Climate Showcase Communities
   Local Climate and Energy Program
                                Effective Practices for Implementing Local
                                Climate and Energy Programs:
                                Working in Small or Rural Communities
Lessons Learned by Communities for Communities
The views expressed in this document are those of the Climate Showcase Communities grant recipients. U.S. EPA does not endorse any
products or commercial services mentioned.
WHAT IS IT?
Small and rural communities are the majority of the jurisdictions in the United States. They
are home to up to 80 percent of the population in some states. These communities offer
several unique opportunities for engaging residents in sustainability initiatives, as well as
challenges related to funding, access, and capacity.
WHY DO IT?
  Small and rural communities may benefit from technical assistance for their programs.
  Environmental staff members (if they exist) may have multiple roles and resources, and
   may be spread thin.

WHAT WORKS?
  Listen to people where they gather (for example, in community centers, schools,
   libraries, churches). Become familiar with community values and needs.
  Work with local figures who can help deliver your message.
  Establish personal relationships with diverse stakeholders. Get to the point where you
   are broadly recognized by different stakeholder groups.
  Create opportunities for small jurisdictions to collaborate with larger cities and share
   their capacity and expertise.
  For multiple small jurisdictions, have a common contract for common services. Jointly
   procuring services or equipment can save resources compared to replicating the process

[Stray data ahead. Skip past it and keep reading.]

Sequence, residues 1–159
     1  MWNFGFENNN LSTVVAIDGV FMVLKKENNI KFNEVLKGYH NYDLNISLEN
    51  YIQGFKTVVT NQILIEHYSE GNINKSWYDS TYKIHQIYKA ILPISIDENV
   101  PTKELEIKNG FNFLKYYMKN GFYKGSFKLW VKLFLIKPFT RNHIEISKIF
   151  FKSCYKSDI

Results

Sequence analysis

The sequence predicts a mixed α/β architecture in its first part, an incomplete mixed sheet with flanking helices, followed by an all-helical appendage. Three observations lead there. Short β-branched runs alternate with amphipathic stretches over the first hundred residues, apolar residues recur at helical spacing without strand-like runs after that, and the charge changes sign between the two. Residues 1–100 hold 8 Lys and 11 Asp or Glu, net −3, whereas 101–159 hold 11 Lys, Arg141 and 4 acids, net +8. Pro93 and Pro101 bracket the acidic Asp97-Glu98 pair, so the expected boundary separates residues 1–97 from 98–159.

across all jurisdictions.

WHAT SHOULD YOU WATCH OUT FOR?
  People may be uncomfortable collaborating with unfamiliar groups.
  Avoid strict geographic boundaries. Stay flexible to work where your message
   resonates.
  Plan well. News of poor planning and negative experiences can spread quickly.
  Be aware of concerns surrounding the use of taxpayers' money.

WHAT RESOURCES HAVE PROJECTS FOUND TO BE USEFUL?
  California Center for Rural Policy: www.humboldt.edu/ccrp
  Small Town Energy Program: smalltownenergy.org/
                                                                 "Use established
                                                                 community networks to
                                                                 spread information (e.g.,
                                                                 Rotary, Chamber,
                                                                 churches, community
                                                                 organizations)."

                                                                 Linda, Land-of-Sky Regional
                                                                 Council, Asheville, North
                                                                 Carolina
                                                                 "Hold customized
                                                                 workshops or webinars
                                                                 specifically for small
                                                                 communities. Focus on the
                                                                 unique issues that they
                                                                 face."

                                                                 Small Cities Climate Action
                                                                 Partnership, El Cerrito,
                                                                 California
vvEPA
United States
Environmental Protection
Agency
                                        April 2015
                                                             EPA-430-F-15-021

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